Like most of the students living in Lund, columnist Anindyaningrum Chrisant Rystiasih is living in a student corridor far away from her hometown Jakarta, 10.800 km away to be precise. That is equal to a 15 hour flight away from her parents, the freedom oppressors.
I remember back when I was in high school, I couldn’t wait to move out of the house and live on my own. The thought of having the freedom to do what I want fueled that excitement within me.
Most of us can agree on the perks of living at home. One of the most obvious reasons is that it is cheap, because I don’t have to pay rent. It’s also very convenient, as my mom has to cook anyways, so I don’t have to cook and even don’t have to clean. I get better food, because my mom is a much better cook than me. I also don’t have to do laundry. Asides from that, there is also an under-valued benefit of face-to-face time with my parents. Even if we only see each other at breakfast and some dinners, these few minutes are the ones I miss the most.
Of course, even if we don’t have to pay for rent or food at home, there is a different price to pay. Family tends to consist of the people who can drive you the most crazy. It is so easy to get fed up with my parents, and then I remember again why I wanted to live on my own. For example, my mom is very particular about the way I dress, while I don’t really give too much thought on it. She will stop what she is doing to micromanage my outfit until she is thoroughly satisfied. Sometimes to avoid this, I try to outrun her and get out the door before she can make a comment.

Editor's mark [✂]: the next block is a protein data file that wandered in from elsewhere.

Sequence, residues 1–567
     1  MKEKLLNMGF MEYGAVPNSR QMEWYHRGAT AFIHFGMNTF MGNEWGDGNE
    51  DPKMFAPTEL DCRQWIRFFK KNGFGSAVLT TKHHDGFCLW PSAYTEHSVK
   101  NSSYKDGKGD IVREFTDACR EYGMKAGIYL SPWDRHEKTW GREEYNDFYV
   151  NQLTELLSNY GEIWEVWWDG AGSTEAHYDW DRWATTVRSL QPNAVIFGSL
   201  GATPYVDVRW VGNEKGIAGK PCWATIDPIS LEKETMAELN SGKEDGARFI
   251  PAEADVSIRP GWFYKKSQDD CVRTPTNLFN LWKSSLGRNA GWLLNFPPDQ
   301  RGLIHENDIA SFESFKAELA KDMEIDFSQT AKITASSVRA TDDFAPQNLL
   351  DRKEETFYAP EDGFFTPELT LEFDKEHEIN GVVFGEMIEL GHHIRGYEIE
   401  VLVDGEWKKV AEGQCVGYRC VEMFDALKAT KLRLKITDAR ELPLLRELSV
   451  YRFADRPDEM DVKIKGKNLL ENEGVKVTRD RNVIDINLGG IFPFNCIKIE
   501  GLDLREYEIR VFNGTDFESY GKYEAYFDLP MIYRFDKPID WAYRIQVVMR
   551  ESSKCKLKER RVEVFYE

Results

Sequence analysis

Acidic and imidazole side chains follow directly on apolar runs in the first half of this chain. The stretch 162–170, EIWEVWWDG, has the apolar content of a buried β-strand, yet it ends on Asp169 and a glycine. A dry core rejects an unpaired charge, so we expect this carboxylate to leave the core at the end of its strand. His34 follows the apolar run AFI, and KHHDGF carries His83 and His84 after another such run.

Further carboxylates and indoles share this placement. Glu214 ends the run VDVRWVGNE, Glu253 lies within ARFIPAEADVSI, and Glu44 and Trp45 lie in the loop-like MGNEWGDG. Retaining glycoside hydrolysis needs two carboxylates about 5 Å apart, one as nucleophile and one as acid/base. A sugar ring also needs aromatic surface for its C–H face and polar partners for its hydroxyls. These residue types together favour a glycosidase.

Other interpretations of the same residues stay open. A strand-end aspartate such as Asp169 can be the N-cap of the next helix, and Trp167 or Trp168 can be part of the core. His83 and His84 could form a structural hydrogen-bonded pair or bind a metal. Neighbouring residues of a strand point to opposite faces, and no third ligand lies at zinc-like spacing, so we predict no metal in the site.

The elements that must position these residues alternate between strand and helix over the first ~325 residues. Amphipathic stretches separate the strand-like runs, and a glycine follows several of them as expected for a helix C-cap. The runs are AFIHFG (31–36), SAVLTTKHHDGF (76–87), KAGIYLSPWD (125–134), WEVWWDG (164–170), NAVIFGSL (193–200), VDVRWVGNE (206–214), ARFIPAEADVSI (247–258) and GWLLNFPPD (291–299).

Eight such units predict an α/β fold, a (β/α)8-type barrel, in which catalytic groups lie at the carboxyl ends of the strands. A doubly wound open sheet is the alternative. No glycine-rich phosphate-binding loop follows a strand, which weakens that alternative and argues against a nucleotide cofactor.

So for me, living alone allowed me to skip this less than pleasant outfit ordeal. On a more serious note, I learned to be responsible for myself. Looking back and seeing how much I have changed and grown feels good. I can manage my own finances juggling between entertainment and necessities. I can party and decide for myself when enough is enough and it’s time to come home. There are a lot of ‘”I can” s when living on your own. It may well be necessary in shaping ourselves to be independent people.
Today, despite my high regards to independent living, I actually miss my parents more. Maybe it is because every time I talk to them on Skype, they seem to be getting older. I know they won’t be around forever, so I want to spend time with them before they are gone. I wouldn’t have been able to get where I am today without their help, and they are still always there to help me whenever they can.